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Plans for hotel next to Rialto Theatre scrapped

Plans for hotel next to Rialto Theatre scrapped

Developers planning to build a hotel adjacent to Downtown Tucson’s Rialto Theatre have changed gears.

A proposal to build a Marriott dual-concept hotel complex at Fifth Avenue and Broadway has been scrapped and focus shifted to potential multi-use project at the Corbett block on Sixth Avenue and Seventh Street, including a possible hotel.

Scott Stiteler, one of the developers and owner of the Corbett block, said the decision was made after months of feasibility studies at the Rialto site that showed the hotel development would not work there because of shape of the space and its size.

Plans were to build a 16-story structure with close to 250 rooms in both a millennial-focused hotel and an extended-stay hotel.

The Rialto was to move to the Corbett House for about two years during construction.

Renovations are ongoing at the theatre, with some financial backing by developers, but the developer’s design team will now place its efforts on the Corbett block.

Preliminary talks surround a multi-use project possibly with office, retail, residential and/or hotel.

“We’re excited about the potential on that historic block,” Stiteler said.

When the hotels were announced last year, improvements to the Rialto Theatre were part of the plan including increased seating and viewing capacity; new concessions, dressing and green rooms; and bus parking.

Curtis McCrary, executive director of the Rialto, informed donors of the decision in a letter Thursday night.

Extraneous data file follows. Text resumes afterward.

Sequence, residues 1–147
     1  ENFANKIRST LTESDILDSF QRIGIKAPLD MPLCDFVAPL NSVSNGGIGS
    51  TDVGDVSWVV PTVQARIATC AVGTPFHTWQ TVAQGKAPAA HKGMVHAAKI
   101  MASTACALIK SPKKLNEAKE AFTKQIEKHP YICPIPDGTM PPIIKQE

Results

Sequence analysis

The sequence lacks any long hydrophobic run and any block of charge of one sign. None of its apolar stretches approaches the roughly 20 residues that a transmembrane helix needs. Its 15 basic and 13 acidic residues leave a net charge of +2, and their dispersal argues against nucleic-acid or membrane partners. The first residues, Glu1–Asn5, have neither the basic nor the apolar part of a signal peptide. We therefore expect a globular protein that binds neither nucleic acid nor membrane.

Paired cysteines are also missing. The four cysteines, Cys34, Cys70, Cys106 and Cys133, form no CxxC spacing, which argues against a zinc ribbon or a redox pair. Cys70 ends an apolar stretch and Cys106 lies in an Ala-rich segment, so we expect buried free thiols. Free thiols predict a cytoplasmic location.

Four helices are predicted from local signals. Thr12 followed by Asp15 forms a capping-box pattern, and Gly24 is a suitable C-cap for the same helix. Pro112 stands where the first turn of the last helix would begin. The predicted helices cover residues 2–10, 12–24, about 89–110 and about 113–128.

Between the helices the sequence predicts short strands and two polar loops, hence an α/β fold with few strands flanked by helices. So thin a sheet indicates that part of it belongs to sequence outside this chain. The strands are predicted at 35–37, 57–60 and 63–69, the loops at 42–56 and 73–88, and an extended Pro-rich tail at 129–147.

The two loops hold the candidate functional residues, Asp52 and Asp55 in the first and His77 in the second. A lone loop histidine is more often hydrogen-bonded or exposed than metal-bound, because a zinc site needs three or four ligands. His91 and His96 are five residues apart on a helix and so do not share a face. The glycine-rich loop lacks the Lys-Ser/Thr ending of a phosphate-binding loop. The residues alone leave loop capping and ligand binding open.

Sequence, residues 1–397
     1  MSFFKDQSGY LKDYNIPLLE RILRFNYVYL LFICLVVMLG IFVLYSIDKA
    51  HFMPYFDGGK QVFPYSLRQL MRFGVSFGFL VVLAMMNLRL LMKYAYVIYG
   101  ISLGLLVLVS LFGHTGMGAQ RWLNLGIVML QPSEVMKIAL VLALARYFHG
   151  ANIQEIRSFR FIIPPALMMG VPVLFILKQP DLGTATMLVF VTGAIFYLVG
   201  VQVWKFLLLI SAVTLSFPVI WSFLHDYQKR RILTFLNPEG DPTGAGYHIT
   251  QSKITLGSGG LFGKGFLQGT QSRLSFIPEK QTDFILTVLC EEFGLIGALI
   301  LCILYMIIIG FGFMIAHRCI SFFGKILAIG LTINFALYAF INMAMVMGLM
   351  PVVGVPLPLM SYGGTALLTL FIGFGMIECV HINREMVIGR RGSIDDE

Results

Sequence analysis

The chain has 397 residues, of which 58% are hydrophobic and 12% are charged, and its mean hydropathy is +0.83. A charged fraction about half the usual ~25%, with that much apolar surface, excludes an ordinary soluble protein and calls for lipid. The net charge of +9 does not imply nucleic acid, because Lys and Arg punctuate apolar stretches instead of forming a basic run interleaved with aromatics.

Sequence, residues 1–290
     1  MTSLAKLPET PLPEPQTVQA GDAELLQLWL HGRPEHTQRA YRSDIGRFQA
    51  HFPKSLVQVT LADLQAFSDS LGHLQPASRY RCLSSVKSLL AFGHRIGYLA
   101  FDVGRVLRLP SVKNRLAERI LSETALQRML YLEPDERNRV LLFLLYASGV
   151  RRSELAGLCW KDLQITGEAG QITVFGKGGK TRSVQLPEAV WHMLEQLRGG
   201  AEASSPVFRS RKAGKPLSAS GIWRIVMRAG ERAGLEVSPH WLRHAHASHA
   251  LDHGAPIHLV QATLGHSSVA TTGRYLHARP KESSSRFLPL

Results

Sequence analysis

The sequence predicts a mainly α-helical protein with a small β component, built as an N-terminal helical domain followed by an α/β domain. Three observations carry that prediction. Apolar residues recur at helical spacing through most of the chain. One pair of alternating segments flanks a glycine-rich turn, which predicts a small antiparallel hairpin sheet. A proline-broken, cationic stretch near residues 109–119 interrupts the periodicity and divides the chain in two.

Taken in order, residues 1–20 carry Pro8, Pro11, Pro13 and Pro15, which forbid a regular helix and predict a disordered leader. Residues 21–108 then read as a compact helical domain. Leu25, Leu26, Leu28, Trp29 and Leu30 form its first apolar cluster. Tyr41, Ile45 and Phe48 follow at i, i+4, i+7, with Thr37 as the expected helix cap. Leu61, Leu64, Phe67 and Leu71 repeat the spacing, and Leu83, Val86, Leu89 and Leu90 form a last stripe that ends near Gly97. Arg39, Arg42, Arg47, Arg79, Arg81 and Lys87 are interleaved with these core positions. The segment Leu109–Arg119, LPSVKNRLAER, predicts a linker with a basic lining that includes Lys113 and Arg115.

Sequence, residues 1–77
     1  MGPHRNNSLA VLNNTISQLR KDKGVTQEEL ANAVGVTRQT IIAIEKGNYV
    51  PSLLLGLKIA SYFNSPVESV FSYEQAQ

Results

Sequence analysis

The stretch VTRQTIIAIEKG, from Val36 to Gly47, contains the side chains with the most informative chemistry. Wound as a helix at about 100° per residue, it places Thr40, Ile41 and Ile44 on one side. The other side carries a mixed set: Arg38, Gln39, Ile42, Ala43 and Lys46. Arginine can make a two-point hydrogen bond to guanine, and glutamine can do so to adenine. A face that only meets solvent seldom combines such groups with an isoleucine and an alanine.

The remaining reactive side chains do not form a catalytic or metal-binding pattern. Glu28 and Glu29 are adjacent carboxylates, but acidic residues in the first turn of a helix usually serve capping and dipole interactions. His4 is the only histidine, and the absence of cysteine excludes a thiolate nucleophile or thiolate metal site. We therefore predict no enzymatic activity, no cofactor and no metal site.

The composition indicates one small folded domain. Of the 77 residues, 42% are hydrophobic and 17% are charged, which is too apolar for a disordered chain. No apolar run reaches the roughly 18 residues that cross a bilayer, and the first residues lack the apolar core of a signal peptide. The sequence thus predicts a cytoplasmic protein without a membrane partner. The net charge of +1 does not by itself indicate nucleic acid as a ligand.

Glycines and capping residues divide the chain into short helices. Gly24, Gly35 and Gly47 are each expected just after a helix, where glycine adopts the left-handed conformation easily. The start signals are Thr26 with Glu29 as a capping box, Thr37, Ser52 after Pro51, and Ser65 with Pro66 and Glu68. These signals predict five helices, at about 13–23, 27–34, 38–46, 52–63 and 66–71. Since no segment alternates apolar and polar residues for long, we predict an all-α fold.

“The Rialto had no role in that decision and, although we are disappointed, we understand the nuances of large, complex and expensive projects are such that sometime they turn out not to be possible,” he wrote. “The project was enticing but we felt not-insignificant trepidation about the disruption represented by moving shop for two-plus years. So we no longer have to contend with that uncertainty.”

In an interview with the Star Friday, McCrary said renovations to the theatre, which turns 100 next year, are ongoing thanks for a successful capital campaign.

He said upgrades to the theater’s bathrooms have been made and some structural work will be completed.

Beyond that, plans for changes to the auditorium are on hold for now.

“We’re not going to be able to do everything we wanted to do,” he said. “We’re going to prioritize, given the resources we have.”

Contact reporter Gabriela Rico at

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